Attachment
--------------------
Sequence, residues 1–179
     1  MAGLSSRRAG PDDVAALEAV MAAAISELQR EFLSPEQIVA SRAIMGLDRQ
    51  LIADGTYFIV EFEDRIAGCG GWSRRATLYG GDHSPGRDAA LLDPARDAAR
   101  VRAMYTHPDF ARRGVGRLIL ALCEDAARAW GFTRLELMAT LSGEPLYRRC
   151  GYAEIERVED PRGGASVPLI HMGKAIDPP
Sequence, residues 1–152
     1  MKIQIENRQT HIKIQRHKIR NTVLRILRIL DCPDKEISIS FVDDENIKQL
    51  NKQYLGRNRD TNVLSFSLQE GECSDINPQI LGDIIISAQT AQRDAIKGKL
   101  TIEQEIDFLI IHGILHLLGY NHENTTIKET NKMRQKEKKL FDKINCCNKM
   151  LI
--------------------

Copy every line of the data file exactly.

Sequence, residues 1–179
     1  MAGLSSRRAG PDDVAALEAV MAAAISELQR EFLSPEQIVA SRAIMGLDRQ
    51  LIADGTYFIV EFEDRIAGCG GWSRRATLYG GDHSPGRDAA LLDPARDAAR
   101  VRAMYTHPDF ARRGVGRLIL ALCEDAARAW GFTRLELMAT LSGEPLYRRC
   151  GYAEIERVED PRGGASVPLI HMGKAIDPP
Sequence, residues 1–152
     1  MKIQIENRQT HIKIQRHKIR NTVLRILRIL DCPDKEISIS FVDDENIKQL
    51  NKQYLGRNRD TNVLSFSLQE GECSDINPQI LGDIIISAQT AQRDAIKGKL
   101  TIEQEIDFLI IHGILHLLGY NHENTTIKET NKMRQKEKKL FDKINCCNKM
   151  LI